Bowling is a fun, sociable, and healthy activity. One of the key factors of being a good bowler is, understandably, selecting the perfect bowling ball. Every bowler has different needs, size and style requirements that need to be met before they can truly enjoy everything the game has to offer. Many people, especially those just starting out, struggle with how to choose the right bowling ball. From weight, coverstock, reactive resin, cores and holes, there are a surprising amount of factors to consider.

Weight

One of the most important aspects of bowling-ball selection centres around the ball’s weight. If your ball is too heavy, you’ll be struggling and not producing your best results in the lanes. If the ball is too light, you might be off balance with how much power you need to launch the ball.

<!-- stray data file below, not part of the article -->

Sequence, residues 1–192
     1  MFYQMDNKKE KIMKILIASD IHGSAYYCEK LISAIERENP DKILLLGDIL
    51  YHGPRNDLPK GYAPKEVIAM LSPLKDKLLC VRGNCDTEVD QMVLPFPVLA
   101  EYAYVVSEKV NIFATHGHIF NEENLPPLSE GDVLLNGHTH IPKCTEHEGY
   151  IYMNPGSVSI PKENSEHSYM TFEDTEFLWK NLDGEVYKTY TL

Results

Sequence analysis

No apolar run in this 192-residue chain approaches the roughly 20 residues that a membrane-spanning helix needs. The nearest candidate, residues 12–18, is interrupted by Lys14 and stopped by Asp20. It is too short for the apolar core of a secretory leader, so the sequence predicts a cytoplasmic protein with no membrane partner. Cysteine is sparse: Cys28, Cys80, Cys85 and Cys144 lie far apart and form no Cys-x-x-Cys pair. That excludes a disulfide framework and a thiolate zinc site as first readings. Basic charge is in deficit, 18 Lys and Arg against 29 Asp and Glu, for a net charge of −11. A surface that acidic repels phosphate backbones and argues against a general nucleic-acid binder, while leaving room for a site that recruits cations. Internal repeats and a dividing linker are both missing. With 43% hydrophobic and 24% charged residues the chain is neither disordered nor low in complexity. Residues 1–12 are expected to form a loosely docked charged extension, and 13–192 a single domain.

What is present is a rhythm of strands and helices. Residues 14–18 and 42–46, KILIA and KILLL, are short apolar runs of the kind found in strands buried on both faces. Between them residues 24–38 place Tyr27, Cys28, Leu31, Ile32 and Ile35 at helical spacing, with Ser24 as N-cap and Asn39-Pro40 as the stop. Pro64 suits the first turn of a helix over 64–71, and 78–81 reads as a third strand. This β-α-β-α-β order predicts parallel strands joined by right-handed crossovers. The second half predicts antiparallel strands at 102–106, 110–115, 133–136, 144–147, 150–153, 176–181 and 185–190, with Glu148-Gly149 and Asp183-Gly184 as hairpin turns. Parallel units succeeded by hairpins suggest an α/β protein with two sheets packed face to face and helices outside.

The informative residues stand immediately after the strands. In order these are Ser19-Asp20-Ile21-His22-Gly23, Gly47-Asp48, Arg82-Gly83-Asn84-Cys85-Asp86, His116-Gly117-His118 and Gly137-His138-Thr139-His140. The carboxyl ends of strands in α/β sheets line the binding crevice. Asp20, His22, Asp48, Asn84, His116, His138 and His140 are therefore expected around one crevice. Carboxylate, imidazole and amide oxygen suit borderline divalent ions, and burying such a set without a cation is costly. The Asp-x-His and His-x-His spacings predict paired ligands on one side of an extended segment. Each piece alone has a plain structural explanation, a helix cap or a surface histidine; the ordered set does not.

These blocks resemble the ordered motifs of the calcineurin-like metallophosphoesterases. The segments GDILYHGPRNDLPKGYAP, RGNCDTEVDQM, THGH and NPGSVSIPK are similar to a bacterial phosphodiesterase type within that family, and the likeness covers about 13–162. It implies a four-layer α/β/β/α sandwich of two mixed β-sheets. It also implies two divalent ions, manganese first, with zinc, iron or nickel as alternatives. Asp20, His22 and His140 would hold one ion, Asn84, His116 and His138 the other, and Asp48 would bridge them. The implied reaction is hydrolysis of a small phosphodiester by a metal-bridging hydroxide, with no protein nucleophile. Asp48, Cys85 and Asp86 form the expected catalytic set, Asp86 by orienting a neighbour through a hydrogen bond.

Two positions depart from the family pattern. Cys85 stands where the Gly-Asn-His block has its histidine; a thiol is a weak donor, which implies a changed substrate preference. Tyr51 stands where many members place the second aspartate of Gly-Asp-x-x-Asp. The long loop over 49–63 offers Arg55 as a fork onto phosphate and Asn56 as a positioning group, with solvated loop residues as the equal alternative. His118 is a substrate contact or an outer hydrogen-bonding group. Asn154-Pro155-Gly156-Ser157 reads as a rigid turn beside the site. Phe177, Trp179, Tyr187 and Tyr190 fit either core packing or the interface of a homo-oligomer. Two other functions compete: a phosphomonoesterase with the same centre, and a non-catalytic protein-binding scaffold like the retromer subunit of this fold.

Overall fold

Most pros recommend that when it comes to selecting a bowling bowl of adequate weight, the rule is that the ball should have 1 pound to every 10 pounds of your body weight. This is a good formula to use as it accounts for the fact that every person has different weight requirements and needs to be met. For example, for a 120-pound person, a bowling ball between 12-to-13 pounds should be adequate for that perfect bowling ball that you can control with enough power to take out those taunting pins.

Bowling is all about balance. Another way to ensure you have a bowling ball that is not too heavy is to simply try and hold the bowling ball out with your arm outstretched. If the ball is a good weight for you, it should not make you feel off-balanced. After trying a few bowls, if you are having a hard time controlling the ball, keeping it centred in the lane, and taking out those pins, that is a good indication that the ball is too light. Bowling is all about balance: balance of the bowler and balance of the perfectly-weighted bowling ball is key.